Where Do Coffee Beans Come From? Full Process From A To Z Explained
You are not a certified coffee lover if you do not know where coffee beans come from. But for those who don’t know, there are different kinds of coffee plants that grow in different parts of the world.
This article will be answering what you probably have in mind: Where do these coffee beans come from?
A coffee bean plant is where coffee beans come from. It falls under the type of shrub or bush and looks like a grapevine or berry bush in appearance. A coffee tree can grow anywhere between five to eight feet while a coffee bush grows up to three to four feet tall, depending on the variety and whether you intend to grow it as an indoor coffee bean plant or an outdoor tree.
The leaves are vibrant, dark green, and have waxy textures. There are also times when the colors turn into a hint of purple or yellow.
Coffee plants are distinguished in two kinds, namely Arabica and Robusta. Both Arabica and Robusta plants (1) have many varieties.
If you love visiting artisan coffee shops, you are most likely drinking Arabica, as Arabica plants are the preferred bean plant in the coffee industry. There are dozens of Arabica varieties globally, and these can only be grown in places with the best growing conditions (2). These areas are referred to as the coffee belt.
This is where the high-quality coffee beans are harvested and are later on brewed and sold at expensive prices because of their flavor and quality.
Bourbon, which is grown in South America, is the best among dozens of Arabica varieties. No wonder it is called the pinot noir of coffee. One of its popular brews is the Maple Bourbon Coffee, which consists of whipping cream, maple syrup, vanilla, and brown sugar.
Arabica is the go-to choice for both hardcore and recreational coffee drinkers, as it pleases the taste buds better than other varieties. This is mainly because the Arabica plants only grow at higher elevations and take a longer harvest time for the flavor to fully develop.
How long does it take for an Arabica coffee plant to grow?
Arabica can grow between three to six feet. It is a shrubby plant that has white blossoms, which are responsible for producing the coffee fruit. The blossoms are called cherries, which are similar to cranberries in both size and color.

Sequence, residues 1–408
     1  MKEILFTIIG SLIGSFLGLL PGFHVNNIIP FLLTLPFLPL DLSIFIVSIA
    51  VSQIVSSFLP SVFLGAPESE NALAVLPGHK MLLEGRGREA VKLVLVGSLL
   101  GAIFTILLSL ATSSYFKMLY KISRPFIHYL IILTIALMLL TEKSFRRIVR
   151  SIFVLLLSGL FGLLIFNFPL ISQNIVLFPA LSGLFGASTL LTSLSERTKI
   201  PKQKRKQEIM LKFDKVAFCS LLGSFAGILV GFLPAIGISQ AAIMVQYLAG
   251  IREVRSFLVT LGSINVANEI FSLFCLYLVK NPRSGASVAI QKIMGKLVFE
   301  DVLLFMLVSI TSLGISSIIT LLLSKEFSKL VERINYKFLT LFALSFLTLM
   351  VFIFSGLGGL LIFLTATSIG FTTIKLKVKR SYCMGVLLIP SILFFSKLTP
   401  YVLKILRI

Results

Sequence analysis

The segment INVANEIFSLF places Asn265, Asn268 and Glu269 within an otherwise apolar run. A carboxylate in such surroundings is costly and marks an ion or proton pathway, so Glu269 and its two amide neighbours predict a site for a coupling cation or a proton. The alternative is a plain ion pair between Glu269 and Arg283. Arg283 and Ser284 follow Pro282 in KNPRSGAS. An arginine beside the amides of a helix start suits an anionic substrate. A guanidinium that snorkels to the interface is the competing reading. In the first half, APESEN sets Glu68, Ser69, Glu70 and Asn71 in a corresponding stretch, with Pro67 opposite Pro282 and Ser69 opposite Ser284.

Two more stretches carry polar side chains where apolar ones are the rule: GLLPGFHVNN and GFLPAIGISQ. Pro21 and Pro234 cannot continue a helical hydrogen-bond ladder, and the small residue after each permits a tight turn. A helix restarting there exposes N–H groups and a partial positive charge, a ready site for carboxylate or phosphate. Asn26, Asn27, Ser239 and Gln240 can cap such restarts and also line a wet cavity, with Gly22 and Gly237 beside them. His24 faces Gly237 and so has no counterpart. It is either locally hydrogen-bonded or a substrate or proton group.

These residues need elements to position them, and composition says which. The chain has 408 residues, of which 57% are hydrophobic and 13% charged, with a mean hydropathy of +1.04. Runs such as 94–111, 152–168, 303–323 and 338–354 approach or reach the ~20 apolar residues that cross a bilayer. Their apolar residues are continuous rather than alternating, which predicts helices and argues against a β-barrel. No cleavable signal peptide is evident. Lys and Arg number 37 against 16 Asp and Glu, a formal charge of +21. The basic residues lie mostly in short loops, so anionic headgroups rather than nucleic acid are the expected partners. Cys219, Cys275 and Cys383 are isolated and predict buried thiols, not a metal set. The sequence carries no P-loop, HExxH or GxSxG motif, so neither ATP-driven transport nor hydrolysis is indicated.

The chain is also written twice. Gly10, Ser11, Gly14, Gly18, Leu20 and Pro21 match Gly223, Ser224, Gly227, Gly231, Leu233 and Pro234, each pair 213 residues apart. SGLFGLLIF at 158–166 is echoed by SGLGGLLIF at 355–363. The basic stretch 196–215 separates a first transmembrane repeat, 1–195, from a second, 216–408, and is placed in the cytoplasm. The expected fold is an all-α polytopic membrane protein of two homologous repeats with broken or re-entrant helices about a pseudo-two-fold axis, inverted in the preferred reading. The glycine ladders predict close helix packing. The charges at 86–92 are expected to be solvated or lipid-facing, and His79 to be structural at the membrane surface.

Farmers harvest these cherries from October to January annually. However, Arabica cherries ripen at different times, so the growers have to pick the ones that are ready for picking first and come back later to the same plant to see if the rest are ready for harvest.
During harvest, the farmers only pick ripe cherries and avoid the greenish, unripe ones that produce bitter coffee no matter how well you roast the beans.
Robusta is the second variety and the lesser-known coffee plant. Unlike the Arabica coffee plant, which has dozens of varieties, the Robusta only has two. These include C. c. robusta and C. c. nganda, which originated from the Coffea canephora plant.
Robusta has a higher caffeine content and lesser sugar than the Arabica coffee beans, making it stronger in flavor.
While it does only have two varieties, it produces heaps of cherries at the same time. It makes up forty percent of the world’s coffee production.
So, where are these coffee beans grown?
The harvest area for these coffee beans is in Africa and Indonesia, however, Vietnam is the largest single producer of Robusta coffee beans.
Instant coffee is commonly made out of Robusta beans as well as espresso blends. If you plan on making Robusta coffee for a change, then you can use it to brew espresso to bring out the best of the coffee beans.
How long does it take for a Robusta coffee plant to grow?
Robusta is easier to grow than Arabica because of its resilience to weather conditions. The plant can survive temperatures at 30°C plus. However, the coffee plant needs to be watered frequently to keep it alive and growing.
Like how it can withstand hot temperatures, it can also grow in low altitudes at six-hundred meters sea level. It is easy to raise because the Robusta plant is insect and disease-resistant.
The Robusta plants can grow up to ten meters high when left in the wild. Farmers often trim the trees to make it easier for harvesting, especially when it is for commercial use. Due to the frequent trimming, it can only grow at five meters tall.
When the Robusta ripens, the cherries turn red, which often takes between six to eight months. Similar to the Arabica coffee plant, it does not ripen simultaneously, so there are ripe and unripe cherries on one branch.
Arabica vs. Robusta | Key Differences
Robusta coffee has to be cross-pollinated for the coffee plant to blossom. It needs to be pollinated by an herb that has a different hereditary composition. Meanwhile, Arabica self-pollinates.
A Robusta tree can produce fruit within two years while the Arabica plant needs four years to produce cherries.
An Arabica coffee bean has 1.2 – 1.5% caffeine while a Robusta coffee bean has 2.2- 2.7%, that is why people prefer the milder taste of Arabica than Robusta.
Caffeine is not the only contributing factor to the taste of both varieties. Chlorogenic acid (CGA) also plays a role. Robusta has 10% CGA content while Arabica only has 5.5-8%. Robusta is known for its earthy and grainy taste while Robusta has a burnt rubber flavor.
The Robusta plant can withstand the direct exposure of the sun. Due to its high CGA content, pests and diseases are unable to affect Robusta more than it would affect Arabica plants.
You get more production per hectare in Robusta than you would in Arabica.
So, where do coffee beans come from?
Now we know.
And, we also know that Arabica is more popular in the market. But the choice for the better coffee actually all boils down to personal preference.
So, if you like really strong coffee, Robusta is a perfect choice. If you like to savor the flavor, you should opt for Arabica.